February 6, 2009
By Deborah O'Malley
Today the Senate Judiciary Committee takes up the nomination of
David Ogden to the position of Deputy Attorney General, the
second-highest position in the Justice Department. His credentials
aside, there's reason to think he lacks the proper understanding of
our Constitution necessary to fill this important post.
Specifically, questions have been raised about his work on a
recent Supreme Court decision that invoked foreign law to impose a
radical change on American death penalty policy. Given the danger
that this growing tendency to consult foreign law poses to our
ability to self-govern, senators should probe Ogden about his
involvement with this case.
The case at issue is Roper v. Simmons, which involved the
imposition of the death penalty of a 17-year old who planned and
carried out the heinous murder of a Missouri woman. The Supreme
Court overturned the death sentence, concluding that imposing the
death penalty on anyone under the age of 18 violates the Eighth
Amendment's prohibition of cruel and unusual punishment.
Ogden submitted a brief for the defendant, which urged the Court
to take into account, among other factors, the "worldwide
consensus" against executing juvenile offenders. Sure enough, the
majority cited this international consensus as one of three major
factors in the decision. Ogden's pride in the victory was obvious
-- he soon began displaying a plaque commemorating the case in his
The arguments Ogden put forth demonstrate the lunacy of
interpreting our Constitution according to foreign laws. The brief
states: "Almost without exception, the other nations of the world
have rejected capital punishment of those under 18, confirming that
the juvenile death penalty is contrary to Eighth Amendment standard
of decency." By the same token, almost without exception, the
world's nations reject the Exclusionary Rule for evidence obtained
in unlawful searches. Would Ogden really argue that this
international consensus has any bearing on what the Fourth
Ogden's brief also cited the U.N. Convention on the Rights of
the Child, which prohibits the death penalty (or life in prison
without parole, for that matter) for anyone under 18 years of age.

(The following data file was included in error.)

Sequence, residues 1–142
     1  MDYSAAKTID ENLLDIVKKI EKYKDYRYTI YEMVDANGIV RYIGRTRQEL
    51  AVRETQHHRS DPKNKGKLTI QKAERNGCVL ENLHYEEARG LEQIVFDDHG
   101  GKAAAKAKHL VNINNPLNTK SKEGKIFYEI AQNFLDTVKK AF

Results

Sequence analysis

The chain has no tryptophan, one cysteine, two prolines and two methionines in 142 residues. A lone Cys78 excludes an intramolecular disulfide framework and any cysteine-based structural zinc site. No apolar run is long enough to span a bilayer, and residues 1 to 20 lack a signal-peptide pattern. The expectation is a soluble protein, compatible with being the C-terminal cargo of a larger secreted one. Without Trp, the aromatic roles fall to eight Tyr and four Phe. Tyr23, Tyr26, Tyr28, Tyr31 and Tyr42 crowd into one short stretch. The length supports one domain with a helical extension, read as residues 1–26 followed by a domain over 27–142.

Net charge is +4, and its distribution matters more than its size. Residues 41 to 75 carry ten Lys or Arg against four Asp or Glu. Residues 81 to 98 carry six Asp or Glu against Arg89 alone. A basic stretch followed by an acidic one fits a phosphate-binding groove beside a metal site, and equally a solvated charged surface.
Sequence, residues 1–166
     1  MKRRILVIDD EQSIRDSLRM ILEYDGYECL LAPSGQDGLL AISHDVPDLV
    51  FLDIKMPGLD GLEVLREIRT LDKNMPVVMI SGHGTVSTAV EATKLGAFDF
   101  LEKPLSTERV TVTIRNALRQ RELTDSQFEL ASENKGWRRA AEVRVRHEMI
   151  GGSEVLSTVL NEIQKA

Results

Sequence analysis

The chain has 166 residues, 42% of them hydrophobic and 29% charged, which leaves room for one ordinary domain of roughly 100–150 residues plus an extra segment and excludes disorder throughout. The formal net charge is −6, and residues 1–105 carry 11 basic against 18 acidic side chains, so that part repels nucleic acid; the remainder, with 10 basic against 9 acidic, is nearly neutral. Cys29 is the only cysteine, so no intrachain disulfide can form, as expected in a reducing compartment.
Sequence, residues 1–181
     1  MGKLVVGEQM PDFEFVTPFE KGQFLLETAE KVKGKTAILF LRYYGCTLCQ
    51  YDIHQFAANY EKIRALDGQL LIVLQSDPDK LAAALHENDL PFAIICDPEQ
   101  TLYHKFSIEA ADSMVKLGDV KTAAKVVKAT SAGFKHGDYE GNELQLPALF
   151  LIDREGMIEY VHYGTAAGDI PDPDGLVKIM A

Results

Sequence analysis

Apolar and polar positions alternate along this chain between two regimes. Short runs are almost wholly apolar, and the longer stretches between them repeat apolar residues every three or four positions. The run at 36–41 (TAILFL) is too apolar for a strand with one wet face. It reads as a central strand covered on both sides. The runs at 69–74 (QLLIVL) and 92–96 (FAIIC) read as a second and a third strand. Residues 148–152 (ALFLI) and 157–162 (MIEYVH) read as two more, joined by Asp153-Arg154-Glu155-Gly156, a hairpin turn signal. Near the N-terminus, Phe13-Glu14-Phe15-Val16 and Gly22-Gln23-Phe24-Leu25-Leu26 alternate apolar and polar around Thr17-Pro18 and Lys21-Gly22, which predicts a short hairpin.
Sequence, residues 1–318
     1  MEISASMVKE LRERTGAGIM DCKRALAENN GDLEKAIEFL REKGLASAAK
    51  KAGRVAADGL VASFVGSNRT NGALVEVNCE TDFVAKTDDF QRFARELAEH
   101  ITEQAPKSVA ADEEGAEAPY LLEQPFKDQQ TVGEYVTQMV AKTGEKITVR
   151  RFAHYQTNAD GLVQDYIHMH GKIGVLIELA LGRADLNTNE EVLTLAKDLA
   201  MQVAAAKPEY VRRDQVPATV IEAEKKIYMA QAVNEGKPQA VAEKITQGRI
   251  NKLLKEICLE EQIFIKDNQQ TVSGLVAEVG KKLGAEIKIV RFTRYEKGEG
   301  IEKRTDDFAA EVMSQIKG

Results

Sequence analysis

The brief aptly notes that the United States hasn't ratified this
treaty; one would think that this concession would be the end of
the story. Instead, Ogden downplays the obvious fact that the
prohibition doesn't apply to the U.S, while shamelessly offering
the treaty and other countries' adherence to it as evidence to
support his "worldwide consensus" theory.
It's absurd to suggest that judges should look to treaties that
the United States has rejected -- in part because of potential
conflicts with domestic and constitutional law -- as they try to
determine what our Constitution means.
Yet courts have increasingly cited international law over the
past several decades, in deciding issues ranging from the death
penalty to property rights. Of course, the more weight the Court
gives international law, the more it diminishes the right and
authority of the American people to decide such issues through
Thus, by infusing the Eighth Amendment with foreign notions of
justice, citizens of Missouri are no longer able to democratically
decide the political question at issue in Roper -- whether a
punishment applicable to 18-year-olds should apply to 17-year-olds
who commit the most heinous crimes in our society. Some may applaud
the outcome on policy grounds, but even those who oppose the death
penalty should be disturbed by courts selectively using foreign
sentiments to overturn democratically enacted laws.
The question remains whether the international law arguments in
Ogden's brief truly reflect his personal views. As an attorney,
after all, he had a duty to vigorously represent his clients, and
this sometimes requires advancing arguments with which one
That's where senatorial advice and consent come in. Lawmakers
should ask pointed questions, not only about Ogden's role in the
Roper case and whether he agrees with the arguments made,
but whether he believes that judges should consult international
law to interpret the Constitution and other domestic law. More
particularly, should the Justice Department be goading them to do
so? Ogden's reliance on international law in his brief presents a
fertile line of inquiry that senators shouldn't neglect.
The Department of Justice serves as constitutional advisor to
the president and the executive branch, and, as the world's largest
"law firm," is responsible for litigating on behalf of the United
States. Before confirming Ogden to the number-two spot at Justice,
it's essential for senators to ensure that the department will
uphold our Constitution, that bulwark of liberty, rather than
relegating it to the changing tides of international opinion.
Deborah O'Malley is a Research Associate in the Center for Legal
and Judicial Studies at The Heritage Foundation
First appeared in Human Events
Today the Senate Judiciary Committee takes up the nomination of David Ogden to the position of Deputy Attorney General, the second-highest position in the Justice Department. His credentials aside, there's reason to think he lacks the proper understanding of our Constitution necessary to fill this important post.
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